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The economic downturn and resultant unemployment woes has spurred an  increase in non-traditional student enrollment at community colleges and universities. Adult learners are seeking to acquire new or additional skills in order to make themselves more marketable to prospective employers but, sometimes, they find themselves in unfamiliar territory during the job search.

At the height of the recession, the Career Development Center recorded an unprecedented number of alumni in career transition seeking assistance from their alma mater. A few observations were:

  • Graduates with 10, 15, 20+ years post graduate experience exhibiting anxiety with regards to their personal and professional dilemma
  • Frustration over the length of time they had been unemployed
  • Exasperation over the new “rules” in the 21st century job search

Many of those with whom I met never needed a resume when they began working and now were at a loss of how to write a new one. .

The New Landscape

A couple decades ago, job seekers spent time typing a resume on heavy bond paper and mailed their document along with a cover letter. During this period of time, it was also acceptable to merely walk in the front door of a potential employer and hand-deliver your application materials. Globalization and the digital age, however, has altered the career search landscape. Not only is it unadvisable to hand-deliver resumes door-to-door to employers today, but adhering to a few “rules” may assist job seekers in this new era get noticed by a potential employer.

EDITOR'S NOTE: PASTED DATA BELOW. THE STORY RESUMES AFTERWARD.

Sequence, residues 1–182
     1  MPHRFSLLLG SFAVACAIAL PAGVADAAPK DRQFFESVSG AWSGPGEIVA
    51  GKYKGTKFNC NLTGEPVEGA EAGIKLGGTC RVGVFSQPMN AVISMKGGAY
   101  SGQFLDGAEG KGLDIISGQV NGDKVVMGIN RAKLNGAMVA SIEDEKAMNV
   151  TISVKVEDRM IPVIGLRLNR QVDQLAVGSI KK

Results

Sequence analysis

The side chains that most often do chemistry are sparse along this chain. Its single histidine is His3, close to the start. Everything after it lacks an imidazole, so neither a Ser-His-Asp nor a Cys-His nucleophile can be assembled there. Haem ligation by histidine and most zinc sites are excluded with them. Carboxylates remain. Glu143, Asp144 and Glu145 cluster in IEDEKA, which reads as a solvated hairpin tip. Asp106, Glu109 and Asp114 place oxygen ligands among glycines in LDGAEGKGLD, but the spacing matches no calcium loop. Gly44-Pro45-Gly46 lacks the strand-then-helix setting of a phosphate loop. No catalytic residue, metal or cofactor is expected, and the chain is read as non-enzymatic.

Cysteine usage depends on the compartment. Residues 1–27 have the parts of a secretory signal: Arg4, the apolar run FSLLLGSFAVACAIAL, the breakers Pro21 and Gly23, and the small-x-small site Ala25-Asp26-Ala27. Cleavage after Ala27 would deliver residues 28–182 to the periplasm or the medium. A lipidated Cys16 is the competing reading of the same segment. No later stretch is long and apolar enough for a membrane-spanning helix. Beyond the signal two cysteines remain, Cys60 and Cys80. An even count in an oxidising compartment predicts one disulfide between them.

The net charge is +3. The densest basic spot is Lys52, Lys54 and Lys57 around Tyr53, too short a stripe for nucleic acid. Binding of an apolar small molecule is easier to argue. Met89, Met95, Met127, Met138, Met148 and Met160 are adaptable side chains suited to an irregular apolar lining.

Tips To Navigate the Online Process 

Looking for jobs online can be cumbersome, impersonal, limiting, tedious, and time-consuming. Experientially, I know that the online application process can be very frustrating; particularly when, after applying to multiple jobs, you do not get a reply.

Here are just a few tips that individuals reentering the workforce, veterans, and career changers might keep in mind when applying online:

  1. Research. This is crucial to both your job search and interview preparation. Use Google, Linked In, Wet Feet Guides, Glassdoor.com, Hoover’s, and your network to research company’s and available positions in your chosen field or industry.
  2. Resume Development. For the most part, whether you’re reentering the workforce, are a returning veteran, or career-changer, you may benefit from a functional resume more than a chronological format. Creating more than one version is always recommended. Speak with a career counselor for more advice on developing a format that will best enhance your background, skills, and experience.
  3. Remember: Use Keywords. As mentioned, technology has changed the job search process. Baby boomers, who once faxed or mailed resumes, find it difficult to understand the new process by which resumes are now filtered through resume scanning software. Job seekers today have to infuse their documents with industry-specific buzz words to navigate past the scanning gate-keeping software. Otherwise you run the risk of your materials being sent to that resume abyss where no response will ever be forthcoming.
  4. Rely on Networking More Than Job-Boarding. An estimated 75% of all people hired are a direct result of networking. Conducting Information Interviews and utilizing social media vehicles such as Linked In, Twitter, and Facebook are strategic measures to enhance your job search, and have been proven to yield a better return on investment (ROI) than culling the job boards.

It is essential for job seekers to have a daily Mission Action Plan (MAP) to circumvent the borders of discouragement during a lengthy job search. Also, the accountability and camaraderie of participating in a Job Club while you are searching for employment can be very rewarding.

For more information, please visit your Career Development Center.

Donnell Turner, GCDF



  1. wllloyd says:

    Valuable information for the Gen-Xers, the Boomers and the Millennials

  2. Headhunter says:

    Great post!

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